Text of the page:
The civil disobedient is attempting to appeal to the “sense of justice” of the majority and their willingness to accept arrest is proof of the integrity of the act as a contribution to democratic persuasion not intimidation says Rawls:
…any interference with the civil liberties of others tends to obscure the civilly disobedient quality of one’s act.
Rawls argues that the use or threat of violence is incompatible with a reasoned appeal to fellow citizens to move them to change a law. The protest actions are not a means of coercing or frightening others into conforming to one’s wishes.
The intimidation by the protesters at the ANZ bank and their promise to do it again as shown in the adjacent tweet is a breach of the principles of a just society. These climate change protesters blockading an ANZ bank branch were attempting to coerce and frighten others into conforming with their political views. That ‘might does not make right’ is fundamental to democracy and the rule of law. As United States Supreme Court Justice Antonin Scalia said
The virtue of a democratic system [with a constitutionally guaranteed right to free speech] is that it readily enables the people, over time, to be persuaded that what they took for granted is not so and to change their laws accordingly.
When the climate protesters lose at the ballot box, they always claim it is rigged by the corporate interests. This is just sore losers.
The great strength of democracy is a small group of concerned and thoughtful citizens can band together and change things by mounting single issue campaigns or joining a political party and running for office and winning elections or influencing who wins.
Yesterday’s majority of the vote sooner or later and often sooner than they expect will break off into different minorities on the next big issue of the day. These newly formed minorities will use that same ability to band together as a minority to block vote to protect what they think is important and advance agendas they think are to be wider benefit despite the opinion of the current majority to the contrary. All reforms start as a minority viewpoint.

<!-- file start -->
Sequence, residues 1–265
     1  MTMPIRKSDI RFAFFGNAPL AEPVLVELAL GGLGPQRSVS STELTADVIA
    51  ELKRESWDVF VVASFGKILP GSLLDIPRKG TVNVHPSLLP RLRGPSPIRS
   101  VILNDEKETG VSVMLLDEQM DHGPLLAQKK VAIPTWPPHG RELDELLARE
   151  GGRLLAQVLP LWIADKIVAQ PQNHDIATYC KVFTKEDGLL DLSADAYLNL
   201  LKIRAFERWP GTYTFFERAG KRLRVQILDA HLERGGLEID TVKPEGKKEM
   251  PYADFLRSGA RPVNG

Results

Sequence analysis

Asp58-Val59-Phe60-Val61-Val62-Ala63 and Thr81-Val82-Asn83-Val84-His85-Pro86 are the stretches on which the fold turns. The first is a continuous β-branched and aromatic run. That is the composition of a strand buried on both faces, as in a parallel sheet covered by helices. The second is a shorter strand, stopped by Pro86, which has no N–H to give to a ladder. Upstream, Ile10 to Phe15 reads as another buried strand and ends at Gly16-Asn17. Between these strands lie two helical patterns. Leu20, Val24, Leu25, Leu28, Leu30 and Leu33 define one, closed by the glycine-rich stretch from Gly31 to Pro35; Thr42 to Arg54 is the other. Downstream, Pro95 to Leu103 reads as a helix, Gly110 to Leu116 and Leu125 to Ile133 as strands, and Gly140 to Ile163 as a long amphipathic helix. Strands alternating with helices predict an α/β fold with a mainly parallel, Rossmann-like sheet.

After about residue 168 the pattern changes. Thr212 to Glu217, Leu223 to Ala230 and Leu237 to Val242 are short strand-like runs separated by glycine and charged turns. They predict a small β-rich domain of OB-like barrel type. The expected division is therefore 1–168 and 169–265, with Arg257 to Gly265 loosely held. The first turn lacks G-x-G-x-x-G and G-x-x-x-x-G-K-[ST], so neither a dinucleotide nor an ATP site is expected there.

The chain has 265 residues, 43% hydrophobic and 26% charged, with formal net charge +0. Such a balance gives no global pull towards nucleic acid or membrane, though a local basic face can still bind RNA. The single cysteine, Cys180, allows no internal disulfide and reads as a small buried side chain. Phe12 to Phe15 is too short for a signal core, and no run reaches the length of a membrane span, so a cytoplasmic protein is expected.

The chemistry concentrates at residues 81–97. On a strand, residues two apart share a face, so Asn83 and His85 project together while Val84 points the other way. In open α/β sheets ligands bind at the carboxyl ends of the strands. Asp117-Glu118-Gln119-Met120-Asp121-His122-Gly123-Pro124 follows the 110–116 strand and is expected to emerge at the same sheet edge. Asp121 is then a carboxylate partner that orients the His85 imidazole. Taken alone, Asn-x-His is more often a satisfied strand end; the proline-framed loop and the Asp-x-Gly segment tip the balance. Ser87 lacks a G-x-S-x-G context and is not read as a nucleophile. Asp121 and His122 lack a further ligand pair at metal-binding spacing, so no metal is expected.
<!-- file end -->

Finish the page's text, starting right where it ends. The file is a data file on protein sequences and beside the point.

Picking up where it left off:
Indeed, it is a strength of democracy – small groups of concerned citizens banding together – is what is holding up legislating in many areas. It is not that minorities are powerless and individuals are voiceless. It is exactly the opposite.
Parliaments elected by proportional representation such as in New Zealand, and in Australian upper houses reinforces the ability of small groups of citizens to band together to win a seat.
Nothing stirs up the impassioned (and most other people as well) more than depriving them of their right to support or oppose what is important to them through political campaigns and at an election. The losing side, we all end up on the losing side at one time or another, are much more likely to accept an outcome if they had their say and simply lost the vote at the election or in Parliament. Scalia warned of, for example, the risks of the courts moving in advance of the popular will, and thereby poisoning the democratic process
We might have let the People decide. But that the majority will not do. Some will rejoice in today’s decision, and some will despair at it; that is the nature of a controversy that matters so much to so many. But the Court has cheated both sides, robbing the winners of an honest victory, and the losers of the peace that comes from a fair defeat. We owed both of them better. I dissent.
These climate change protesters want to rob the winners of their honest democratic victory over the balance between oil and coal exploration and other energy options. They are also robbing themselves of a fair defeat.